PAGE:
As the 2020 presidential primaries continue trudging on, Michael Bloomberg has entered the fray. Mr. Bloomberg has long been a participant in American society. His history as a software entrepreneur brought him to the forefront of wealth and fame as the Bloomberg name became synonymous with finance and he became the world’s 12th richest man. In 2002, he became a member of the political discourse, becoming Mayor of New York for the next 11 years. Now he’s come back wanting to be president, but the truth is there’s just too much riding against Mike. Although an excellent businessman, he has little going for him in the way of being the Presidential beacon this country will need… and here’s why.
#1: He has no followers, no fans, no support, his base is as tiny as he is.
Let’s face it, who is Michael Bloomberg representing? The man has poll ratings of only 14.2% (at the time of writing for the pedantry practitioners among you), and with the hype around Buttigieg it’s hardly likely to let up as the younger “moderate” appeals to Bloomberg’s more mainstream Democratic base. He also needs to post up against Bernie Sander’s “revolution”, a very serious threat compared to Bloomberg’s meager following, and even President Trump knows it. And his actual reach is abysmal too. The man might have the money but he certainly doesn’t have the movement like Trump or Bernie. The man is hardly representative of America for Republicans or Democrats. To Republicans, he is just another political elite buying off elections just to snuff out their rights. And in the eyes of Democrats the man is an old, prejudiced billionaire white guy, which is even worse than Bernie’s million-dollar conundrum. The former mayor is going to have a hard time appealing to an ever-younger American public, disillusioned by the rich and the powerful like himself.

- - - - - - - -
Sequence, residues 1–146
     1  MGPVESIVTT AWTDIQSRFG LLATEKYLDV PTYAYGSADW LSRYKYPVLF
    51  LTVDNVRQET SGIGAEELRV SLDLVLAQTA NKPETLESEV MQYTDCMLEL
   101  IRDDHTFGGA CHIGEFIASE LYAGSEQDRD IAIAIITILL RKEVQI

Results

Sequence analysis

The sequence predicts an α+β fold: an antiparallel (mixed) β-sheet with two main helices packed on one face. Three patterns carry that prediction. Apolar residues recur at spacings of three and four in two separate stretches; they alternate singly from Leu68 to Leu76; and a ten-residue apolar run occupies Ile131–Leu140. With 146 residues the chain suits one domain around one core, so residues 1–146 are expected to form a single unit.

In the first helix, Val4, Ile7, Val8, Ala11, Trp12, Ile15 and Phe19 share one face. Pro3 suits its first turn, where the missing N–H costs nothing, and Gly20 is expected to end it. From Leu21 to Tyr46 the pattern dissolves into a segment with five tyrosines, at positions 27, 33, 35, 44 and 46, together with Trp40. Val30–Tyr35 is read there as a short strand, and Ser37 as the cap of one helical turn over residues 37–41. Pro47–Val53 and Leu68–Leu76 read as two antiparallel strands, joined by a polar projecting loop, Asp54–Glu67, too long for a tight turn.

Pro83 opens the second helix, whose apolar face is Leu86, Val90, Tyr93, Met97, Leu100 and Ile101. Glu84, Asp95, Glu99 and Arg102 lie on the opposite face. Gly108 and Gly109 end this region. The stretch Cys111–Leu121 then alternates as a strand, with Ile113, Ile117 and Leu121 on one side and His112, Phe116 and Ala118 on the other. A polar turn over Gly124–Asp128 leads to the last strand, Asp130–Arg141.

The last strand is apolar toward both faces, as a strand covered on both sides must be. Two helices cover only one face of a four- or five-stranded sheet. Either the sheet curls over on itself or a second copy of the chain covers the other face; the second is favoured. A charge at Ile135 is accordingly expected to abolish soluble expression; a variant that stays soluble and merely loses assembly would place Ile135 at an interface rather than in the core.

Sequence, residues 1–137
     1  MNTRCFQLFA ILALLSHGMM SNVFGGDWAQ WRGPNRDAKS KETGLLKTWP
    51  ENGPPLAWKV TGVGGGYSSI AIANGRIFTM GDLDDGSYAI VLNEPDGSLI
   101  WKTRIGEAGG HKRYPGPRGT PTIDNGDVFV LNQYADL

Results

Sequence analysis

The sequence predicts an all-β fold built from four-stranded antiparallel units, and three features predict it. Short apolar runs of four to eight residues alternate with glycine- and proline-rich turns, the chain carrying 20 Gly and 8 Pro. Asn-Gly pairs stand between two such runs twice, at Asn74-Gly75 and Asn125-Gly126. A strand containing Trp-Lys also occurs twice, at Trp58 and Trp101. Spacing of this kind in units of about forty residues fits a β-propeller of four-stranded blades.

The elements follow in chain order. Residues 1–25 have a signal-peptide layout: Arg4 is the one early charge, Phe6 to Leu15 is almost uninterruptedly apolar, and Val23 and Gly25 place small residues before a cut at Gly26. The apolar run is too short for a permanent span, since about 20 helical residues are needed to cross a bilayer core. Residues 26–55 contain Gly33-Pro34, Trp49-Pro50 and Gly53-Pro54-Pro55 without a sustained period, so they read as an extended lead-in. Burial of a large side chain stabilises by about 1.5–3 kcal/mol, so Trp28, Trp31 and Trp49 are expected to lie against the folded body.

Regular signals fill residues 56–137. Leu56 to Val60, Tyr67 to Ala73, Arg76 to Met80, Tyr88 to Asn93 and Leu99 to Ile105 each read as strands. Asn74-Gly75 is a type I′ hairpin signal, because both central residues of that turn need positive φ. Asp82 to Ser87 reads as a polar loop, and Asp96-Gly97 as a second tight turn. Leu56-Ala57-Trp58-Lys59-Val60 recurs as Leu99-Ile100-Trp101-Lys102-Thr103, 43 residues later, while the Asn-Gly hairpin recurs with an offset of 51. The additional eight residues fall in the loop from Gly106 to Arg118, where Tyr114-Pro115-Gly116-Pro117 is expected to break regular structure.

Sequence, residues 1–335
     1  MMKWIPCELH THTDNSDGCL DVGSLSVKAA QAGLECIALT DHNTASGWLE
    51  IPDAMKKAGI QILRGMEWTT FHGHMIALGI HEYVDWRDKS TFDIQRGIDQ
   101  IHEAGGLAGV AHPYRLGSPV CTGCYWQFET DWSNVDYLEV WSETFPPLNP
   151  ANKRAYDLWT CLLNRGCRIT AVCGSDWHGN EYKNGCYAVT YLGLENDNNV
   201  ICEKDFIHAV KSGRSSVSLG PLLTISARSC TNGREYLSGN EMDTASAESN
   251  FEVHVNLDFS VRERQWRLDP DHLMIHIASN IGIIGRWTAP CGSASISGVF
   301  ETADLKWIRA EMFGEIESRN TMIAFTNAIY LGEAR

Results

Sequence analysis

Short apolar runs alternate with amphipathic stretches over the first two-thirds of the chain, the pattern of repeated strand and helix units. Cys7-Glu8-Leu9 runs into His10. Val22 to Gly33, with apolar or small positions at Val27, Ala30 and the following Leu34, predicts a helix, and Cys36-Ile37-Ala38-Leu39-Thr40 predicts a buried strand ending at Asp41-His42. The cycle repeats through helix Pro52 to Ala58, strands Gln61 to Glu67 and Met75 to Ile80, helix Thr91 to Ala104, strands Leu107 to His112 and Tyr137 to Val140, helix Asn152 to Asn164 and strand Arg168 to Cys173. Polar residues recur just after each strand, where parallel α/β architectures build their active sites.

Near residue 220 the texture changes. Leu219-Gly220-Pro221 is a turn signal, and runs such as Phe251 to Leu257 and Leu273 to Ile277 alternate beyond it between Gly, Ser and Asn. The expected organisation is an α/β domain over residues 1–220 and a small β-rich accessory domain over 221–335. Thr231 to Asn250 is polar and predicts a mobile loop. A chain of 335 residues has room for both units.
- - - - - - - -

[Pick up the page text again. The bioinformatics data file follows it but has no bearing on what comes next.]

Non-tall readers may think that cracks at Bloomberg’s height are cheap shots. But history says that the average height of presidents is 5–11, and we haven’t had a president shorter than 6 feet tall since Richard Nixon.
#2: His policies are abysmal, and won’t work for Democrats either.
For starters, the man wants to ban e-cigarettes and vapes, and I don’t know how many college-aged leftists you know that vape near constantly, but I for one know that he has just lost a large percentage of that pie. He’s also historically been an opponent to marijuana legalization, limiting his ability to drive votes home on that civil liberty, given the desire nationally for legalization. On economics, while he may be less egregious than some Democrats, his taxes are too rich for any liberty warrior’s blood, and too little for your typical progressive alphabet warriors. His college education plan is along the same lines of big government opportunity distribution programs that Democrats see as pandering and the rest of America see as “wasted tax dollars”. Furthermore, the man has a history of being tough on crime to many Democrats’ dismay, and you can bet that his policy outline uses his ability to reduce crime through this as a “positive” to behold rather than a shameful part of his past, that being said-